To paraphrase Supreme Court Justice Potter Stewart, “I know good network segmentation when I see it.”
There doesn’t seem to be a more discussed topic in the PCI compliance space than network segmentation. Why is this such a discussed topic? Because there are as many potential solutions as there are network equipment vendors. So each implementation needs to be assessed on its own individual merits.
Why is network segmentation important? For most organizations, it can mean the difference from a straightforward, relatively simple PCI assessment or a nightmare. If an organization’s network is properly segmented and their PCI assets are physically or logically segregated from non-PCI assets, then the scope of a PCI assessment can be reduced. This can take 50% or more of the organization’s network out of scope.
But what constitutes good network segmentation? Here are the key concepts that I look for when assessing the segmentation of a network for PCI.
- How is network traffic controlled? The key here is the ‘how’. By controlled, I’m looking for controls that physically or logically isolate PCI in-scope systems from out-of-scope systems. Those controls can be the use of firewalls, virtual LANs (VLAN), totally separate networks and everything in between. The most common techniques we see are firewalls or VLANs. However, you segregate your networks, there needs to be access control lists (ACL), port/service restrictions or other controls put into place to limit and/or restrict access from the in-scope network to the not-in-scope network.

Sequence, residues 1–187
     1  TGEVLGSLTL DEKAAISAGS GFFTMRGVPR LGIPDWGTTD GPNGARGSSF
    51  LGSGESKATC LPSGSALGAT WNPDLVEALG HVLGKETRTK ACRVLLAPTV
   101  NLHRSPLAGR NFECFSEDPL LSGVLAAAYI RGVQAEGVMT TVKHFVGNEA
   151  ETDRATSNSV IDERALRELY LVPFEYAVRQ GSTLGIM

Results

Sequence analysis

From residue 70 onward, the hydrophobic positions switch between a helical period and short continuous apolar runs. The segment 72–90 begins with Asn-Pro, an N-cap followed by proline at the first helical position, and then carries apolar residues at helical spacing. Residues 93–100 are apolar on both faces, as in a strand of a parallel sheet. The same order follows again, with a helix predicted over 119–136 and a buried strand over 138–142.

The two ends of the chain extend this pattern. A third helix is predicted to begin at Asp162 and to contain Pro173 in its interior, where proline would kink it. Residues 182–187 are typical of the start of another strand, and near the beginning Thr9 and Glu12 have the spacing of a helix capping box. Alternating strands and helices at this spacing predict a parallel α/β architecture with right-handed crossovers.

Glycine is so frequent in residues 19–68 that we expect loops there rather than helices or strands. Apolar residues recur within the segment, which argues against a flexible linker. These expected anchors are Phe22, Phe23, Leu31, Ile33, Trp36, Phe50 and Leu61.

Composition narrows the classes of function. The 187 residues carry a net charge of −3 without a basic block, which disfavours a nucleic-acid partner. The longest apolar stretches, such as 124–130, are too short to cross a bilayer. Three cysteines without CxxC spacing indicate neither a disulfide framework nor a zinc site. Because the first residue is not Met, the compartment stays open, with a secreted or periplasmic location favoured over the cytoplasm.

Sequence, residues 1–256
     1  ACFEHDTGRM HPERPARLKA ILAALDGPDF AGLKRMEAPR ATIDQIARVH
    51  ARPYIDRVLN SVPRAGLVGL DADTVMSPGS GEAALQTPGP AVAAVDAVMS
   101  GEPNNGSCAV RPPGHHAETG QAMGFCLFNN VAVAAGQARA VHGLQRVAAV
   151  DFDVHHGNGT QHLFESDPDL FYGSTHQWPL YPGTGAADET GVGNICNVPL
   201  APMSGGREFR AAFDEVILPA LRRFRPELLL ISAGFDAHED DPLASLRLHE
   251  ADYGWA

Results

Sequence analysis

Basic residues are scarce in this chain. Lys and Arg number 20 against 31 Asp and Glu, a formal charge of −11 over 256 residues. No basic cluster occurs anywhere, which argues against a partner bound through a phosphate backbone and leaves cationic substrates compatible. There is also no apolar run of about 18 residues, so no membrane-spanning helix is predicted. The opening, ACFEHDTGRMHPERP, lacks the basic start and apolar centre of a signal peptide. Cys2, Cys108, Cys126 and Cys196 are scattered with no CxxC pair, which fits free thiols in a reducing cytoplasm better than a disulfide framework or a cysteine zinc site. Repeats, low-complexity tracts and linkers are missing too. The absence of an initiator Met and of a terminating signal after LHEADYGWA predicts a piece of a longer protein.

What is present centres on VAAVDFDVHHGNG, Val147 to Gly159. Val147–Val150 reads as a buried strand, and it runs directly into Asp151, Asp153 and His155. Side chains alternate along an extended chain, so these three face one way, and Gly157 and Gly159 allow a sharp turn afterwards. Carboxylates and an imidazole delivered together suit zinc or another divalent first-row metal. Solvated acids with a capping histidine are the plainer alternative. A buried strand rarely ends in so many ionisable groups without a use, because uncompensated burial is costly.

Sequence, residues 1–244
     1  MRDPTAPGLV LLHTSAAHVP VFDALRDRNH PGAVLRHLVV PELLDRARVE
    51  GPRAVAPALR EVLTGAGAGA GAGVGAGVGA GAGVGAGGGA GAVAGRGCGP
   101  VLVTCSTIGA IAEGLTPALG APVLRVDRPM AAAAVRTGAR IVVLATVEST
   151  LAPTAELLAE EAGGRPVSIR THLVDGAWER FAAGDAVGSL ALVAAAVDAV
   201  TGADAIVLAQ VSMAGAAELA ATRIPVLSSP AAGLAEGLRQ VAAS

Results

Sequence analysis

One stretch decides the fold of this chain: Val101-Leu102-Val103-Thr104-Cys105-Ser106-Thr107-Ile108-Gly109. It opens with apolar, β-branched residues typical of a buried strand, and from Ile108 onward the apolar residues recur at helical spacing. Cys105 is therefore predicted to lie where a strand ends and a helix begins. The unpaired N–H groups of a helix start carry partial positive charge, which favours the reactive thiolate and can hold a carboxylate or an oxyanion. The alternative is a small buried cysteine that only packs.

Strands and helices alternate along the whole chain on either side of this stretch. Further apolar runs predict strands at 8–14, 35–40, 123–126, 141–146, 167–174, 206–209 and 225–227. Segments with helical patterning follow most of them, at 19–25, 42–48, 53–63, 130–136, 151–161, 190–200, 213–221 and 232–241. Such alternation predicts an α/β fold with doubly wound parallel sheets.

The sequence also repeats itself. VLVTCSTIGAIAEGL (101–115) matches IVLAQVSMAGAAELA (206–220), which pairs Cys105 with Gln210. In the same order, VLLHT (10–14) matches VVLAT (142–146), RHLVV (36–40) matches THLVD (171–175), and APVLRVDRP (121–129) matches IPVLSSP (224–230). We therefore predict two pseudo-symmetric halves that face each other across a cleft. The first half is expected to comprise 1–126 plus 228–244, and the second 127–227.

- How is network traffic monitored? The key here is usually whether or not the network is monitored. While good controls are a great start, if you are not monitoring those controls, then anything could be going on and you will not know it until it escalates into a bigger problem. What I look for is the ability to generate alerts when unauthorized traffic is blocked or detected.
- What happens when an alert is generated? If you have controls and monitoring in place, what do you do when an alert occurs is key. If you do not have an incident response process for an alert, then nine times out of ten, the alert just gets ignored. Alert response process needs to identify the alert and then have a detailed process of how to diagnose whether the alert is real or a false positive. Either way, there should be documentation generated that proves the process was followed and the actions taken as a result.
- Who has access to these network devices? Finally, what you have done to limit access to the network devices is the last key item to be considered. The first three considerations are moot if anyone can go in and make changes to these devices. So, the final area I look for is how access to these devices is controlled and how access is monitored.
While these are the key concepts I look for, there are nuances in each area that bring in other considerations. So, here are your starting points for network segmentation.